During my 30 year auto body career, I have written thousands of auto body repair estimates mastering the “the art” of negotiating with a variety of insurance appraisers. It’s only natural to have a preference of which insurance appraisers we welcome into our auto body shops. Commonly we find some insurance appraisers are consistently easier to work with and arrive at a profitable “bottom line.” Then there are those appraisers that make us feel as though they are paying for the repairs out of their own pockets.
Recently, our body shop in Santa Barbara, Calif., had an insurance claim where the issuance of the supplement was an experience I have never encountered in over thirty years of owning and managing a body shop.
On the day the insurance appraiser representing a well known company arrived, I noted this appraiser had never been assigned an appraisal inspection at our shop before. Therefore I had some concern we did not have any history of a working relationship.
The insurance appraisal inspection involved a 2002 BMW 323cic. Upon introducing herself the appraiser began taking photos of the claimant’s vehicle and making notes pertaining to the damaged left rear door and quarter panel. I listened attentively to the often heard we-can-only-pay-for-this-procedure speech.
Days later, we completed the repairs and submitted a supplement to the insurance appraiser. During my follow up on the supplement confirmation, I received a phone call from the appraiser saying her supervisor has now decided not to pay for the rear $130 bumper molding she had originally approved to be replaced on her preliminary insurance estimate. By the way, the “non returnable” part has been installed on the customer’s vehicle. My initial reaction was I could not believe what I was hearing. If this was ten years ago I feel certain this appraiser would have been on the receiving end of some colorful language. Instead, I phoned the vehicle owner and informed him there is an insurance delay in delivering his car today. I said it appears the insurance company does not mind paying for “additional” rental car expenses over the weekend because of an unsettled new policy which I never experienced before. I explained the “we would pay for it yesterday but not today” response. The vehicle owner phoned the insurance appraiser expressing his concern about the delay as he needed his car returned for an upcoming trip. That same day I received a phone call from the insurance appraiser who stated I would need to call their company’s supplement hotline to “negotiate” an agreement for full payment concerning the $130 molding.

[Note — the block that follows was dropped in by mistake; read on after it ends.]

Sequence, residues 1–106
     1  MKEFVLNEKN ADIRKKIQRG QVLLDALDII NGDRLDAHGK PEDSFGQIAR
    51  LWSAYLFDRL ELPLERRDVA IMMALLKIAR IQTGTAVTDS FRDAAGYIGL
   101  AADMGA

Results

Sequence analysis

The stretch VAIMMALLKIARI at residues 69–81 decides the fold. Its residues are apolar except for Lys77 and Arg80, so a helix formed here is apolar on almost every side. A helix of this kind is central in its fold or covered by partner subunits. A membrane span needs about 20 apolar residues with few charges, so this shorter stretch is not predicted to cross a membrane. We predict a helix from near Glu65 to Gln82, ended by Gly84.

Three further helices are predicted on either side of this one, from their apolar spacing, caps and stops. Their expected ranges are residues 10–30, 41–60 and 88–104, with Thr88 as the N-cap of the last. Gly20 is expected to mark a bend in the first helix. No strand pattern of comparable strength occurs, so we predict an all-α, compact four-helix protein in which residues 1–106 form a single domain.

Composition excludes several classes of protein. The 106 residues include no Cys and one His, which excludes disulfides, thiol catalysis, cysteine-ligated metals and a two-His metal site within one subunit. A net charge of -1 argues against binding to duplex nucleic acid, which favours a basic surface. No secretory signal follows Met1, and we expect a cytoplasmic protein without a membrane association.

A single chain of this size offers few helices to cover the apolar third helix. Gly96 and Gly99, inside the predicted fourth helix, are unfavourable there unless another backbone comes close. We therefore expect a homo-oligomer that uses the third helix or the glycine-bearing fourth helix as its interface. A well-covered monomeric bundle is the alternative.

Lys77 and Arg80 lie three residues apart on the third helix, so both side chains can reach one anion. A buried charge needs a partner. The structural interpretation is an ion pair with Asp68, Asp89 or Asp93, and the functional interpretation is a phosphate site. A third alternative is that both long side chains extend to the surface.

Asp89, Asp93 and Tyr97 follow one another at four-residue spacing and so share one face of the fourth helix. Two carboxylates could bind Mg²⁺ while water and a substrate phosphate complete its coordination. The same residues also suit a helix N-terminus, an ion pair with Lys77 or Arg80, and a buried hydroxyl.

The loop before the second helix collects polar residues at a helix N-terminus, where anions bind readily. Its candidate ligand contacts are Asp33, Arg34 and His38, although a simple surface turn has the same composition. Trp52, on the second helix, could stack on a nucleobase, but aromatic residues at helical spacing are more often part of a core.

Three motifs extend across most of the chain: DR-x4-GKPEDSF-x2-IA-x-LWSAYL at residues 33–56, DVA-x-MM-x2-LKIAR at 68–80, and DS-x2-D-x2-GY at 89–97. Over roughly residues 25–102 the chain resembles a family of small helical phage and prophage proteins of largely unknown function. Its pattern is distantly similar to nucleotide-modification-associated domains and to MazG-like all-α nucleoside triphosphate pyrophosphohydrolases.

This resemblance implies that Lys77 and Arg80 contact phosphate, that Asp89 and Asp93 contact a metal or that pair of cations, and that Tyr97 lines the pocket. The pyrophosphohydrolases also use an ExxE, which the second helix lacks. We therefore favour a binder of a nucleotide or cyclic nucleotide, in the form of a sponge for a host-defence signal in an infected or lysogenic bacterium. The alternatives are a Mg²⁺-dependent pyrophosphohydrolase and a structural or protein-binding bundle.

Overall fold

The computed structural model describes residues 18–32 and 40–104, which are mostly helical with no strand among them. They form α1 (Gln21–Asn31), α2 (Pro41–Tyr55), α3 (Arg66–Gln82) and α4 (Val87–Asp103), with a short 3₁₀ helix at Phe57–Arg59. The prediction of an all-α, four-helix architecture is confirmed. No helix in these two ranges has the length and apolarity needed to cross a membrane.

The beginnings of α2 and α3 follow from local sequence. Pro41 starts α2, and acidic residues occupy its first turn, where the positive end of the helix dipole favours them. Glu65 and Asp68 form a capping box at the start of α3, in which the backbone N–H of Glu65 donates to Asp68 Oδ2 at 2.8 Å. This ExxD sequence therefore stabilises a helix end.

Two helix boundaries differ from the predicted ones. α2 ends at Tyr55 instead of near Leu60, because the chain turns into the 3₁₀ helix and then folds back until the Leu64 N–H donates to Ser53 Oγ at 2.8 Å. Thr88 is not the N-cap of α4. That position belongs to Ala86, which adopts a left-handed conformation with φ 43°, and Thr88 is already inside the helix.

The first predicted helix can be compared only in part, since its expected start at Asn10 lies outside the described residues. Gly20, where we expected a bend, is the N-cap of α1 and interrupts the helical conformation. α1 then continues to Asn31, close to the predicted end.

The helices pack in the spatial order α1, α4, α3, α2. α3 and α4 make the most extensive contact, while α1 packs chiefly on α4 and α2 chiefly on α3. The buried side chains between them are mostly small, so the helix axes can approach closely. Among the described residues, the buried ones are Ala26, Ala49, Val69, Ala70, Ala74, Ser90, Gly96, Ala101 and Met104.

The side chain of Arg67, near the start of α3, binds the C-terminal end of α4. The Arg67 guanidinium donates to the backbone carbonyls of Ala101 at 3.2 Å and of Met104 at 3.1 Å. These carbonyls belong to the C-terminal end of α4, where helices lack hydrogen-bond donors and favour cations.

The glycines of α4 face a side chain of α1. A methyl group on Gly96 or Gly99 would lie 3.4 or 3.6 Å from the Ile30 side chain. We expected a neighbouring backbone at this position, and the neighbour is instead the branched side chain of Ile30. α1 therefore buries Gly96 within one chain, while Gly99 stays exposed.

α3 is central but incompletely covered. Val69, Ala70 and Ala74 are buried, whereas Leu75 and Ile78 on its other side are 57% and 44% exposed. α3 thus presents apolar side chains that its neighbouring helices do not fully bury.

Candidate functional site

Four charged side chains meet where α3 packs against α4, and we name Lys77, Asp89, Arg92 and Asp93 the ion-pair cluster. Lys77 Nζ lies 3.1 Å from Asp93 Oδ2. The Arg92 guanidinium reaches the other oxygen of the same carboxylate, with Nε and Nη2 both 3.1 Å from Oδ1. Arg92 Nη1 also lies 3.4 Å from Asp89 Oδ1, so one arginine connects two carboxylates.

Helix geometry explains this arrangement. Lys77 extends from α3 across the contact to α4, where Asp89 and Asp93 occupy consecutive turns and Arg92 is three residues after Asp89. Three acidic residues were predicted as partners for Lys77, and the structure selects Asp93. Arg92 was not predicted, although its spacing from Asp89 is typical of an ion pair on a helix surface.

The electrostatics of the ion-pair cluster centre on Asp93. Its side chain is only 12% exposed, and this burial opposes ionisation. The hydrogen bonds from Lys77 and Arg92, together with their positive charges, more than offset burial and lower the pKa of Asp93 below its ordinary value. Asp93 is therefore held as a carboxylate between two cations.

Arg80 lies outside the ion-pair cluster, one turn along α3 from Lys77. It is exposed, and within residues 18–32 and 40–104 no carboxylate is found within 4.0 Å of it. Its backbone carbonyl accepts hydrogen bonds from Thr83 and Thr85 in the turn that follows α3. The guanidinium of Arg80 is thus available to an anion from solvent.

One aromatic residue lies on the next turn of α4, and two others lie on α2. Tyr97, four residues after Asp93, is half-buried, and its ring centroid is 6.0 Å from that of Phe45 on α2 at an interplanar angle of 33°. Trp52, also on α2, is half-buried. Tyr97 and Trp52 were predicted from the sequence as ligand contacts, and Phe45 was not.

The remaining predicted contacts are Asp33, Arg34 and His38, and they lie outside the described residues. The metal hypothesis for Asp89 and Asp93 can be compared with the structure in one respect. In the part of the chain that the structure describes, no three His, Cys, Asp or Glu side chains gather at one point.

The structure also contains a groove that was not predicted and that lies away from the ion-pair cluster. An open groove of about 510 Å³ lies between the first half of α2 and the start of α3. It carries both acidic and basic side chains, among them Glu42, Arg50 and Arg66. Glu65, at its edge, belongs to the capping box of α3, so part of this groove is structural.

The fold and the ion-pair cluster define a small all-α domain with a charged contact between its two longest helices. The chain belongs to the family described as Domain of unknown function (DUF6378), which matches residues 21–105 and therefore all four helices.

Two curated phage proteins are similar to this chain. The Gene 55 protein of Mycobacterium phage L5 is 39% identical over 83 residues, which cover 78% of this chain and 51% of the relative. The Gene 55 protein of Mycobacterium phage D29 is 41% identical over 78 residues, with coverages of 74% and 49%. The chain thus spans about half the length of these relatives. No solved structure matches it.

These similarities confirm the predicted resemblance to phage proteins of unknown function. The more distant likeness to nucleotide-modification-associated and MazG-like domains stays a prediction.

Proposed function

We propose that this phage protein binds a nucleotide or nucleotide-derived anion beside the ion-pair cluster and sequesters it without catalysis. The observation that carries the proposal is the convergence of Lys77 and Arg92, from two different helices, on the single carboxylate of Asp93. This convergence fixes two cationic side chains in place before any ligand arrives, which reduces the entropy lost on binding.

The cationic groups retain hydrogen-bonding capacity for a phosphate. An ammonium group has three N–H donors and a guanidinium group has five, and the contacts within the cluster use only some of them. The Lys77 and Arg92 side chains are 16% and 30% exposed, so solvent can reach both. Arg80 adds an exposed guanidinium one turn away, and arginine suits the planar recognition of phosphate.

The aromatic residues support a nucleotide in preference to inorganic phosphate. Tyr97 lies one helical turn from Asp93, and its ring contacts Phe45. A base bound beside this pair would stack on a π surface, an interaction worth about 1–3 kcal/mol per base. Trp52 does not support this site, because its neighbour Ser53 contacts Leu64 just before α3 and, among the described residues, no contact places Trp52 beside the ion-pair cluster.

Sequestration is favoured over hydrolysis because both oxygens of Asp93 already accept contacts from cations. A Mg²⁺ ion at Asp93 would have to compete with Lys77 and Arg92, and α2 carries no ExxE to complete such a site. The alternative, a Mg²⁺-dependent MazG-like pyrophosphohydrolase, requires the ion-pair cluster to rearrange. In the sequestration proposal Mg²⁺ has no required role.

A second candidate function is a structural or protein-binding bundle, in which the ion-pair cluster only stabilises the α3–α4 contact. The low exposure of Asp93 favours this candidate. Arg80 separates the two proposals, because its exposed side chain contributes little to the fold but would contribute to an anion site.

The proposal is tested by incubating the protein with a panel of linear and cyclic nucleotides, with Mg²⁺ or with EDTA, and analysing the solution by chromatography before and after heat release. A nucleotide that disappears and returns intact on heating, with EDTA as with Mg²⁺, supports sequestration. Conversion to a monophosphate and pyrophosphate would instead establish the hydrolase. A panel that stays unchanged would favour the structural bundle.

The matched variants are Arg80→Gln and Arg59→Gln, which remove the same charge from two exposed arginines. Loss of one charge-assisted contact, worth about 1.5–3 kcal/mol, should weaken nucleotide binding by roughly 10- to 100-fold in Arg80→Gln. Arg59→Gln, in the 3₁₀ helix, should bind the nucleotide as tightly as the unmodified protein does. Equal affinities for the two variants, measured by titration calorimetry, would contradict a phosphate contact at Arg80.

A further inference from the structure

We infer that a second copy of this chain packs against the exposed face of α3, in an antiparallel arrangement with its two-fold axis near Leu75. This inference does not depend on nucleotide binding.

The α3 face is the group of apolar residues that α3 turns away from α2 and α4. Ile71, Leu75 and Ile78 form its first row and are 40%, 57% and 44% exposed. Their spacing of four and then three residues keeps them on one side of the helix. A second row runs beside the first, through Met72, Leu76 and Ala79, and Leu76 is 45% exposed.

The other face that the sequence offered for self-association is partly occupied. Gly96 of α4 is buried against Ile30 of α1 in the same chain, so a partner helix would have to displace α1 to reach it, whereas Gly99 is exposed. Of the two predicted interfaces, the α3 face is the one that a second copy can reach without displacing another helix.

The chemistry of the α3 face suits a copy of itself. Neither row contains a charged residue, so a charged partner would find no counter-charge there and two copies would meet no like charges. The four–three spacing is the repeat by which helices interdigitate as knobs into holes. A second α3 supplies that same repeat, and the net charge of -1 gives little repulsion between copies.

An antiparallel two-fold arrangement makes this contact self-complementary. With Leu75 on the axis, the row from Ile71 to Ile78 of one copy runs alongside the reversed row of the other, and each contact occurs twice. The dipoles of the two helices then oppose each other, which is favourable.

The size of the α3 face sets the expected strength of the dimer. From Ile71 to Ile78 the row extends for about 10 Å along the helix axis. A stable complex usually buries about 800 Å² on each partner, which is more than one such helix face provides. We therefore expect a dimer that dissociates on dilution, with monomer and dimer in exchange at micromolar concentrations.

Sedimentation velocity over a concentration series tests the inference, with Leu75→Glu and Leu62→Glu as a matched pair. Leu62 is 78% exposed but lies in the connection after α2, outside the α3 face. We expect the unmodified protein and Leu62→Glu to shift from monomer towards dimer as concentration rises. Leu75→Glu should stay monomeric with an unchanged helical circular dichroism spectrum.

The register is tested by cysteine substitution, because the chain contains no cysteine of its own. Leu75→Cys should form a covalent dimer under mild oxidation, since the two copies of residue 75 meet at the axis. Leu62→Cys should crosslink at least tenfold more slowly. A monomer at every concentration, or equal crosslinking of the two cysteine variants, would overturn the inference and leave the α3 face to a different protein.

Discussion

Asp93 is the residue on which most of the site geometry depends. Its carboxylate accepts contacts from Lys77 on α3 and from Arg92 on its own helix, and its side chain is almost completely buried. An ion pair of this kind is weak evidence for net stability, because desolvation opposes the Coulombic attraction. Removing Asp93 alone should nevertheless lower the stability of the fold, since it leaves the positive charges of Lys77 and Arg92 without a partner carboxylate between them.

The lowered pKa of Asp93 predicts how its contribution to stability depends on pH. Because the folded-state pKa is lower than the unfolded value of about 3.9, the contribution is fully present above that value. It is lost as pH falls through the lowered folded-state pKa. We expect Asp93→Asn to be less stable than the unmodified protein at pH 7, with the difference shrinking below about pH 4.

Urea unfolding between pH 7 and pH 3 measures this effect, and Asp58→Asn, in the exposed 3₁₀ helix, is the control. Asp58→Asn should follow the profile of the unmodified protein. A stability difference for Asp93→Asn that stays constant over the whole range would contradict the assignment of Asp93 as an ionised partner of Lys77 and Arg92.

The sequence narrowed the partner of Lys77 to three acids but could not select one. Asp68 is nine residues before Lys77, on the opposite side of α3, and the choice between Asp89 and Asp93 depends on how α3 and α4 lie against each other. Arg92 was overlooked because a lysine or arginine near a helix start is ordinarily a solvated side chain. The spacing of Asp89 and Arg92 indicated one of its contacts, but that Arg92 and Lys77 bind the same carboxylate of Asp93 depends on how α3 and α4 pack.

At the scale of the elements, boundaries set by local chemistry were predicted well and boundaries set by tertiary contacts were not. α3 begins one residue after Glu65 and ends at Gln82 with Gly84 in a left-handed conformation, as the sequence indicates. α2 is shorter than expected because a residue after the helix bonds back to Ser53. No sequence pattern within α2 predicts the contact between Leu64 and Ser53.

I thought to myself there is nothing to negotiate here—the insurance company owes us full price for the part! On Monday morning I then phoned the insurance company’s 1 (800) SCREW U hotline. I’m sure many of you know the supplement hotline which I am referring to. This particular hotline did not have a human voice, only a voice recording instructing you to fax your supplement to 1(800) SCREW U 2. Feeling frustrated, I then phoned the insurance appraiser and learned she had this Monday and Tuesday off, probably for meeting the insurance company’s quota of withdrawing parts and labor from the original written estimates.
Near mid-day Monday, I received a phone call from the insurance supervisor who appeared to be “shadowing” this claim. He told me the claimant had phoned seeking his assistance to arrive at a settlement which resulted in unnecessary delays in releasing the vehicle to the claimant. I explained to the insurance supervisor the problem initiated by their appraiser, specifically, the $130 bumper molding part which had been withdrawn from their proposed supplement. Upon further discussion the claim supervisor replied his decision of withdrawing allowance for the part was based upon thinking the part in question was a door side molding not the bumper molding! Say What!? At that point, I had to ask how long his appraiser, has been employed. He replied about “Two months”! Like, No Kidding!
According to the insurance supervisor’s explanation this was all a “misunderstanding”!
Is it a misunderstanding or a mistake when hiring someone who is not experienced enough for the position to make confident decisions? As a result of my efforts in standing up to the insurance supervisor we were paid in full ($181) for supplement parts and labor pertaining to the withdrawn bumper molding from the original insurance repair estimate.
Have you ever had a 1 800 SCREW U 2 “misunderstanding”?
If so, drop me a line I would welcome you to share your memorable insurance “misunderstanding” experiences.